To be blunt, my daughter can serve as a "draw" to accomplish this purpose. She has enough "credentials" as a soccer player to peak a coach's interest.

With that in mind, is it acceptable to approach college coaches at the beginning or end of a higher division game (or at a coaches' tent), hand them a flier, tell them they might be interested in coming to watch my daughter's team, point out my daughter's credentials, and hope that would convince them to come watch?

My wife and I would not do this ourselves - trying to be sensitive to rules about contact between coaches and parents of a player that a coach might be interested in - but we would recruit another parent of the team to go talk to the coaches, present the flier, and mention our daughter's credentials as a "draw."

Thoughts?

Thanks in advance,

Frank

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#438837 - 06/15/11 10:59 PM Re: College, Coaches, Recruitment : 2010-2011 [Re: futbolcfc]
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Originally Posted By: futbolcfc
I have a question. In the point of view of a college coach, is league play all that important? If a team attends showcases, and impresses coaches with its players, does it really make a huge difference if the team is LIJ or NERP?
The number and quality of showcase events to which a team is accepted is generally correlated to the league level at which the team plays. Why? It is simple enough that the better the team, the higher the league.

Now, if you have written a college coach, that coach shows at one of your games, and stays to review your player, the league has absolutely no importance in that discussion. If you entire team's players are getting their desired college coaches to appear at games, the level of the showcase really does not matter since the connection is being made.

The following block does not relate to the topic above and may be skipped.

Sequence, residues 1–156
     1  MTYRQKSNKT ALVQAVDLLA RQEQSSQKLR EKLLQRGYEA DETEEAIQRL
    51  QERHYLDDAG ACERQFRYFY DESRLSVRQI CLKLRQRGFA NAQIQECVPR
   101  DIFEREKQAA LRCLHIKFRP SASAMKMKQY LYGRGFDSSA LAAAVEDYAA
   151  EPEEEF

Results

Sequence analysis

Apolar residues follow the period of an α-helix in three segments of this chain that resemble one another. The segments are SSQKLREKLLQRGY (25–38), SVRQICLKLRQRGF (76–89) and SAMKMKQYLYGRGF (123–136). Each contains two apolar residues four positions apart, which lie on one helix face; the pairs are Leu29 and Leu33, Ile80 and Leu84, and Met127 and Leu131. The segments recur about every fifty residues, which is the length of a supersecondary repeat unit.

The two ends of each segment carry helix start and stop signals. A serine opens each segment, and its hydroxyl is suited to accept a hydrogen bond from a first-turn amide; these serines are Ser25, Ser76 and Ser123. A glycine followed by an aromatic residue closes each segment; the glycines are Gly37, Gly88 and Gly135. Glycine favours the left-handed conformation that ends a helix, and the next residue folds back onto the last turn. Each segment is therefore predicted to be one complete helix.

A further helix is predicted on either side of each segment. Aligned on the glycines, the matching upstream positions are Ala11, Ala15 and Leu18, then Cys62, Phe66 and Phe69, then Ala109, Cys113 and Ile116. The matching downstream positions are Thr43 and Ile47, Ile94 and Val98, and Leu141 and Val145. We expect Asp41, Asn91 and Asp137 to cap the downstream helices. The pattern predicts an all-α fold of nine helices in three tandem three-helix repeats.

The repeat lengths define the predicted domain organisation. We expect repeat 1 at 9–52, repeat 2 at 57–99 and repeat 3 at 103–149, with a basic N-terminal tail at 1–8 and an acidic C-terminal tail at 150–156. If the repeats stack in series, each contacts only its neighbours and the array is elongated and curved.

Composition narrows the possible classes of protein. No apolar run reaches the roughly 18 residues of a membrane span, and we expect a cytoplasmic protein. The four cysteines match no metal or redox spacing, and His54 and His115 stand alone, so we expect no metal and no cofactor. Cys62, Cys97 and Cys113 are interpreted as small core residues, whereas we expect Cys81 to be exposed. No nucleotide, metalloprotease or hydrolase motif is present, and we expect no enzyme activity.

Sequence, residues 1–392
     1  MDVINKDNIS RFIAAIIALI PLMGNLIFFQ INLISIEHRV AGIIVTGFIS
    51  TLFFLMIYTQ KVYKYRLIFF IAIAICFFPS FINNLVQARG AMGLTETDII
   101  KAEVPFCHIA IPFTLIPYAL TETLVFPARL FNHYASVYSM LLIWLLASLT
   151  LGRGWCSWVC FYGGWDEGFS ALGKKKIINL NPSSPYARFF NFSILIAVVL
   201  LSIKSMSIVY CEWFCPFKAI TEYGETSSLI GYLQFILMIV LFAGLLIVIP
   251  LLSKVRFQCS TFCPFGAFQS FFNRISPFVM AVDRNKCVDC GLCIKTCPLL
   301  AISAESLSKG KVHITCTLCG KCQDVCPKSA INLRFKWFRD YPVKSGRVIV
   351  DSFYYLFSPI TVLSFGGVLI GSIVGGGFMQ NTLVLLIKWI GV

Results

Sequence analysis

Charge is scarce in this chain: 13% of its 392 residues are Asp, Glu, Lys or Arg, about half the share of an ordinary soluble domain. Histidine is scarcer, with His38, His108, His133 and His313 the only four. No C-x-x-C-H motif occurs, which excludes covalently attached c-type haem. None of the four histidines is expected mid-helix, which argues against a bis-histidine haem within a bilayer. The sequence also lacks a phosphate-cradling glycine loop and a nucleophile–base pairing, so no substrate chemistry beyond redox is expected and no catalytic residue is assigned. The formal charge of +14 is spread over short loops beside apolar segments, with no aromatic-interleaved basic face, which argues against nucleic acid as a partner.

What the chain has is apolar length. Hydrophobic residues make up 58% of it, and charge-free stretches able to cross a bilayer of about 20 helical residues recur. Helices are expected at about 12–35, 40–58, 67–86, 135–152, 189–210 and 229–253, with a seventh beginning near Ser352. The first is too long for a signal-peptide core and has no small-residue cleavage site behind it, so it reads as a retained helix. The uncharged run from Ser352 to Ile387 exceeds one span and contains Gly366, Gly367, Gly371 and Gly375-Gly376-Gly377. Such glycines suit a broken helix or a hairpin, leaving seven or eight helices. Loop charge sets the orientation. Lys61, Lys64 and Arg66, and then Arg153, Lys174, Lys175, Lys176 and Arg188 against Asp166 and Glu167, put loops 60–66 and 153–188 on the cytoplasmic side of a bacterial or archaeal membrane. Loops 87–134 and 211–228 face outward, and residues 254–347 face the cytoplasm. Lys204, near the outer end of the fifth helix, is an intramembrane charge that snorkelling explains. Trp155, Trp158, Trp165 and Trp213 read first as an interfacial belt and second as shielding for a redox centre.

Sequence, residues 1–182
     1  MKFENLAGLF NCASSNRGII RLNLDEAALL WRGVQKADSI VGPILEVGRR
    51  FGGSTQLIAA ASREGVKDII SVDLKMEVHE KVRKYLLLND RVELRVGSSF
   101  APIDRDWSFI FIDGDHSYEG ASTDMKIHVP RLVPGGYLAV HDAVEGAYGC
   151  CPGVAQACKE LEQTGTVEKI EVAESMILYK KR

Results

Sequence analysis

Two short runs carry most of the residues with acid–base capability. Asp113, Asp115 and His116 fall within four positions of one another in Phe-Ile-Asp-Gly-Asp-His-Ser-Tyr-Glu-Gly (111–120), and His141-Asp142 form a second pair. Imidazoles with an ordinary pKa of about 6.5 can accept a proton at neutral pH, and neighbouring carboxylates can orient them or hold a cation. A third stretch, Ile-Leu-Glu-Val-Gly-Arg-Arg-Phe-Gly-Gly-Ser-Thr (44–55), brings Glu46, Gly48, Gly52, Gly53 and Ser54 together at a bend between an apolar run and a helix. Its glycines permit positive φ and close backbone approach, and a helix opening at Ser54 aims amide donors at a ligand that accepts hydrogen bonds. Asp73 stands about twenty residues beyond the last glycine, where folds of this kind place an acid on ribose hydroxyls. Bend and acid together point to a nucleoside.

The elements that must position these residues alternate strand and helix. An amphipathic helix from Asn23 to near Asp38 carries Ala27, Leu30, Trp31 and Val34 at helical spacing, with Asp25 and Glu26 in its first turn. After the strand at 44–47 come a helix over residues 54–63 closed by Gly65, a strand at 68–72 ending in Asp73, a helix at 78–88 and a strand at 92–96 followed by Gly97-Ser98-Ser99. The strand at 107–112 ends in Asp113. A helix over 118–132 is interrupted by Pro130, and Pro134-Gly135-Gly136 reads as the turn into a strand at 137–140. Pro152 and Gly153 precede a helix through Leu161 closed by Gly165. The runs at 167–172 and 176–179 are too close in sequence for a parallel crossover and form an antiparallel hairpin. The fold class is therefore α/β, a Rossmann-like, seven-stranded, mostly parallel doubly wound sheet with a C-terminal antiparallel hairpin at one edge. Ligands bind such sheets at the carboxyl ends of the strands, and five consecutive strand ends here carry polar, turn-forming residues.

That said, remember that the college coach will be evaluating the player in the context of the game. In theory, an LIJSL D2 match will be slower and less appealing than a Region One or top showcase match. The college coach is looking for the capablility of playing at collegiate pace and quality. The pace of the college game is faster than many Region One Premier League games.

Originally Posted By: futbolcfc
My son is on a LIJ team, and will hopefully play Bu18 D1 next fall. Just wondering if that makes a huge difference because the coaches that have seen him, like the way he plays and want to see more.
The only challenge that we see is making sure that your son can get into events that are being attended by his target coaches. That is why the team's acceptability to specific showcases will matter to your family.

Thanks for your questions and we hope this has helped.

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#438841 - 06/15/11 11:22 PM Re: College, Coaches, Recruitment : 2010-2011 [Re: NorCal KeeperDad]
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Originally Posted By: NorCal KeeperDad
I have a question about proper etiquette when approaching college coaches at a showcase tournament to give them a team profile brochure. ... Here's the challenge - the team my daughter plays on was placed in a lower division of the tournament so we're not sure how many coaches will be coming to watch their games - unless we do a little proactive marketing.

With that in mind, is it acceptable to approach college coaches at the beginning or end of a higher division game (or at a coaches' tent), hand them a flier, tell them they might be interested in coming to watch my daughter's team, point out my daughter's credentials, and hope that would convince them to come watch?
Frank, welcome back to BOTN's College Board and thank you for the questions.

Having your players write to target coaches in order to secure their scouting at a showcase game is the very best way to get "targeted marketing" for your players.

Short of that preferred method, standing at the field corner during the pregame to invite passing coaches to attend is absolutely a great strategy. While this is somewhat like "cold-calling" or "telesales", you can make this strategy work for you. How?